A challenge to all educators, whether informal of formal, in many educational settings is the mixed ability group. Maimonides encourages us to be aware and sensitive to the intellectual differences of our children. In fact, a favorite part of the Passover haggada liturgy is the four sons, each one representing a generic personality type, advising us how to approach the educational content of the evening with them. Each son will engage differently with the story, and the challenge for the parent, or the educator, is to find the appropriate hook to reel the child in and stimulate his or her interest. In fact, the identity of each one of these sons is sourced in the Torah, where we find the commandment to tell the story to our children commanded four times, each one phrased slightly differently, focusing on a different aspect of a child’s interest and potential.
He should make changes on this night so that the children will see and will [be motivated to] ask: “Why is this night different from all other nights?” until he replies to them: “This and this occurred; this and this took place.” What changes should take place? He should give them roasted seeds and nuts; the table should be taken away before they eat; matzot (unleavened bread) should be snatched from each other and the like.
Mishneh Torah, Laws of Chametz and Matza, 7:3
Sometimes change for changes sake is worthwhile. Maimonides here suggests that the educator should try every way possible to pique the interest of the child, not only to keep them awake at this late hour, but in fact to engage them, and therefore empower them, in the educational process. We aim here to motivate them to interact with us and with the ritual, by encouraging the asking of questions. When the child sees the father behaving in a peculiar way, he cannot help but enquire “what is so different about this night that you are behaving this way”? When a child begins to ask questions, they begin their educational experience as equal partner with the educator, challenging him as well as themselves to explain the significance of what it is that is occurring before their eyes. Perhaps a child’s questions is the ultimate experiential educational occurrence, where a child experiences the intellectual wonder and excitement of the pursuit of knowledge.
In fact, the liturgy of the evening as found in the haggada[viii] enforces the asking of this question, ‘why is this night different from all others?’ with the youngest child traditionally expected to ask this question four times, each time focusing on a different aspect of the rituals of the evening that are conspicuously different from our conduct on other evenings or festivals. These include enquiring why we only eat matza on this night (to the exclusion of leavened bread), why bitter herbs, why we dip vegetables on this night, and why we lean extravagantly to the left when eating. These four peculiar activities are formally part of the evening’s ritual, yet Maimonides chose not to rely on these rabbinically ordained innovations, but rather encourage the educator-parent to innovate his or her own creative peculiarities in order to encourage their child to engage in the educational spirit of the evening. An important message is contained herein. Not only is it important to be a creative innovative educator, but one should have enough self-confidence to attempt and no doubt succeed at this, rather than relying on the master-teacher and their advise. Maimonides therefore gives examples of creative ideas, but by no means limits us by legislating these examples. They are merely examples, to direct us to the spirit of the task.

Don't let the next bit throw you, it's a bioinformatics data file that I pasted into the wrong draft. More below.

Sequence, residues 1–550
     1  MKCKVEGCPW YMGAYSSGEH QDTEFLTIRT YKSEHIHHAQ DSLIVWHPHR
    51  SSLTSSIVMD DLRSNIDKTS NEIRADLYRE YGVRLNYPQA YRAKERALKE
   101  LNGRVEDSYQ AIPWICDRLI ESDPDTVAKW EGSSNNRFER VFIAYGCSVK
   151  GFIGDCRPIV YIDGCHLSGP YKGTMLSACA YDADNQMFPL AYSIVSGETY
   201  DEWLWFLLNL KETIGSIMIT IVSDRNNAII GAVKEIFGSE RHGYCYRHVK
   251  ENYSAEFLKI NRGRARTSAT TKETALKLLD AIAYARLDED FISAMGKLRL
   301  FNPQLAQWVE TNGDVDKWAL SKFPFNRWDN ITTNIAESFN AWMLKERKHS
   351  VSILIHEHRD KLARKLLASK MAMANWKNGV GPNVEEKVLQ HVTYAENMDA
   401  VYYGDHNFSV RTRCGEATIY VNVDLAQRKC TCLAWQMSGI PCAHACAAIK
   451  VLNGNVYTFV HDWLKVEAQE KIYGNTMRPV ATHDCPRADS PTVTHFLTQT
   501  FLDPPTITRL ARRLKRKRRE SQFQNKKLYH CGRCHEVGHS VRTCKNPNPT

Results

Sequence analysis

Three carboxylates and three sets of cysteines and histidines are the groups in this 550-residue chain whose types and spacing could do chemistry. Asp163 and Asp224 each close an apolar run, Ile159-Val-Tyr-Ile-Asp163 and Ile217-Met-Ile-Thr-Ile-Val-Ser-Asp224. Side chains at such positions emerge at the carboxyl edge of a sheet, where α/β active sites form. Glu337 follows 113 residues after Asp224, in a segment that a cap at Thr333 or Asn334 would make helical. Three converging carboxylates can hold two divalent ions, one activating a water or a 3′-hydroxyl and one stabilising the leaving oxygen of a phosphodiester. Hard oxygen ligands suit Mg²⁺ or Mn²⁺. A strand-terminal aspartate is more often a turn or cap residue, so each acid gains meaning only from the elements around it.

Whoever does not mention these three matters on the night of the fifteenth has not fulfilled his obligation. They are: the Paschal sacrifice, matzah, and maror. The Paschal sacrifice: [It is eaten] because the omnipresent passed over the houses of our ancestors in Egypt as [Exodus 12:27] states: “And you shall say: ‘It is the Paschal sacrifice to God.'” The maror (bitter herbs): [They are eaten] because the Egyptians embittered the lives of our ancestors in Egypt. The matzah: [It is eaten] because of the redemption. These statements are all referred to as the haggadah.
Mishneh Torah, Laws of Chametz and Matza, 7:5
These three matters are the three ritual commandments of the service, and together with the commandment to tell the story, comprise the legal obligations of the evening. Each involve the ingestion of foodstuffs, as educational resources that form the basis of an educational experience. The Paschal lamb, is the very same sacrifice that was offered by the Israelites on the very first Passover festival[ix]. The matzah is the very same unleavened bread eaten by the Israelites when they left in haste[x] without time to let their bread rise. The eating of the maror is designed to allow us to experience the bitterness of the enslavement in Egypt. Each of these food related ritual are intended to cause the experiencing of the event of the Exodus from Egypt, allowing us many generations later to feel that we have witnessed and participated in this historical-spiritual event.
However, Maimonides does not separate these three from the fourth commandment of the evening, the telling of the Exodus story. In fact, he equates them, stating that these three rituals are in fact referred to as haggadah, and without their mention, one has not fulfilled his duty in respect to this legal requirement. It seems that Maimonides is intertwining the experiential and cognitive aspects of the educational program, ensuring that we relate to the story of the Exodus in both an experiential and intellectual way.
In each and every generation, a person must present himself as if he, himself, has now left the slavery of Egypt, as [Deuteronomy 6:23] states: “He took us out from there.” Regarding this manner, God commanded in the Torah: “Remember that you were a slave [Deuteronomy 5:15]” – i.e., as if you, yourself, were a slave and went out to freedom and were redeemed.
Mishneh Torah, Laws of Chametz and Matza, 7:6